feature image via Shutterstock.
I’ve tried Virtual Reality twice. Once at Lesbians Who Tech in New York City—they had a bunch of Samsung Gear VR units for demonstration. Based on my interest in acrobatics and circus arts in general, they recommended I try the Cirque du Soleil demo. It’s a five minute virtual reality movie where you’re sitting on the stage and a bunch of cirque clowns come interact with you, followed by an aerialist performance. It was cool enough, but the conference was loud enough that I couldn’t really hear what was going on in the simulation and the video quality was plagued with grainy lines. While it was neat that I could look behind me to see the empty theatre, it didn’t feel like reality. It still felt virtual.
The second time I tried VR, I was blown away. It was the HTC Vive. My first experience with it was an eight minute Portal demo where a giant robot pronounces me obsolete and then terminates me.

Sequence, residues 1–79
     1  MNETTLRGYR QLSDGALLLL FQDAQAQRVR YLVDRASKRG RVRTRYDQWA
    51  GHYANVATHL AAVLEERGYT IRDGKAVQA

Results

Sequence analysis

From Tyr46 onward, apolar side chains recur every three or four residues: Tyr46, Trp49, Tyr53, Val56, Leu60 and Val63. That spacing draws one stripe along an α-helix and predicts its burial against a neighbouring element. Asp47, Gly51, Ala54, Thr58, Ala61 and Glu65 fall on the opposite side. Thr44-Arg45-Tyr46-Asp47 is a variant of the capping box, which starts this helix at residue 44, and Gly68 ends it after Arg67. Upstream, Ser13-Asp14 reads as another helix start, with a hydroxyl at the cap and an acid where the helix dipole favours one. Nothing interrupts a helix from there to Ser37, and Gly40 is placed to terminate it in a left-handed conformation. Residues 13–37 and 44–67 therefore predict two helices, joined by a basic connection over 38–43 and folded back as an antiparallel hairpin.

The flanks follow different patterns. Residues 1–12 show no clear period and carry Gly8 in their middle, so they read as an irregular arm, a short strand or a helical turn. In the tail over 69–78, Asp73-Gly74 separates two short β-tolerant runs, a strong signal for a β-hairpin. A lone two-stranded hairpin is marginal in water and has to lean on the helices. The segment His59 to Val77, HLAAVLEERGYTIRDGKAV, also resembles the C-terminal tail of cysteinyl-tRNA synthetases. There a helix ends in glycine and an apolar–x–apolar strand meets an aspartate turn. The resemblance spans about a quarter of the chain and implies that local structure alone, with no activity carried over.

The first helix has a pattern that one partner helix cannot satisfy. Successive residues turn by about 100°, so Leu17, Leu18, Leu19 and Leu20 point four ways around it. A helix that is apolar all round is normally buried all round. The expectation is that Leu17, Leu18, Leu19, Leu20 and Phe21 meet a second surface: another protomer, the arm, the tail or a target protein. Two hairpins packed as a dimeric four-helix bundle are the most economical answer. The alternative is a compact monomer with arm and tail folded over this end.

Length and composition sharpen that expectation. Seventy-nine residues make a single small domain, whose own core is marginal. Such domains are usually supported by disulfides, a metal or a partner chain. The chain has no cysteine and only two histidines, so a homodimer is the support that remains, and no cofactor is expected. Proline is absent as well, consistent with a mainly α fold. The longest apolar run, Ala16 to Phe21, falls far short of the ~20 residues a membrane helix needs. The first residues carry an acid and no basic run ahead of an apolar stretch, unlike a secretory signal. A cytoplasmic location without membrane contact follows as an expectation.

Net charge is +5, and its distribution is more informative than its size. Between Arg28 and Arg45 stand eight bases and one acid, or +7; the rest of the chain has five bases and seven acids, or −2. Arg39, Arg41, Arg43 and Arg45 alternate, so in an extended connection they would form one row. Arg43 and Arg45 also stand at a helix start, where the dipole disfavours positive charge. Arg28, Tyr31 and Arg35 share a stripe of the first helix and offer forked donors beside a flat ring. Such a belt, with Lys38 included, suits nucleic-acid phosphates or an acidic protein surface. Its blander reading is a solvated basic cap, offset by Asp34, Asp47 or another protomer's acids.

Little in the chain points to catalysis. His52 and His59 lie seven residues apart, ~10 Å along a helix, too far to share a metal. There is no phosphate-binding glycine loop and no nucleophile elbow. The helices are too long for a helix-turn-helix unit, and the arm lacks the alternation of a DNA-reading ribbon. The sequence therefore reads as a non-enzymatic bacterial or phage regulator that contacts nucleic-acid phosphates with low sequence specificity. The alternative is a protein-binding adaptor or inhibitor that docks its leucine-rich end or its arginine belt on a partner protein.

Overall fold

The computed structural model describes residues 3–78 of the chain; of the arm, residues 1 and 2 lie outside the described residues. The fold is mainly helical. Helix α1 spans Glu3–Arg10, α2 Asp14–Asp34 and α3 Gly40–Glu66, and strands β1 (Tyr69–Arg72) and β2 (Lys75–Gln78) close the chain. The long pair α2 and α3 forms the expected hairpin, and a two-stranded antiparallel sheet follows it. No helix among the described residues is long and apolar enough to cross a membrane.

I was shocked at how large everything was. It was something I wasn’t expecting, even with my previous Gear VR experience; one of the robots was my size, another the size of a house. The “termination” at the end made my heart race even though the writing in the demo was comedic. My body couldn’t tell the difference between real danger and virtual danger. Then there was Tilt Brush. Tilt Brush is a program that allows you to draw in 3D space with brushes made of light, smoke, ink splatters, all sorts of things. I was completely immersed, doodling in the air in front of me. I drew a face and tried to put hair on it. I reached as tall as I could get, pulled the trigger and then—CLANG. “Careful!” I heard someone say behind me—the person whose controllers I almost just ruined by cracking one against the exposed basement heating vent. I’d forgotten there was a ceiling. Reality achieved.